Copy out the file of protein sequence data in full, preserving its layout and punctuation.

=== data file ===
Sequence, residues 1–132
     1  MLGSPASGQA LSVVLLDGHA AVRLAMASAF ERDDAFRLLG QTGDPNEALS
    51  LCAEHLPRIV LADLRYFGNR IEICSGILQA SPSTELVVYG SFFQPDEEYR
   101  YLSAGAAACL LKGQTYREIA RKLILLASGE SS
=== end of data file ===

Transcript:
Sequence, residues 1–132
     1  MLGSPASGQA LSVVLLDGHA AVRLAMASAF ERDDAFRLLG QTGDPNEALS
    51  LCAEHLPRIV LADLRYFGNR IEICSGILQA SPSTELVVYG SFFQPDEEYR
   101  YLSAGAAACL LKGQTYREIA RKLILLASGE SS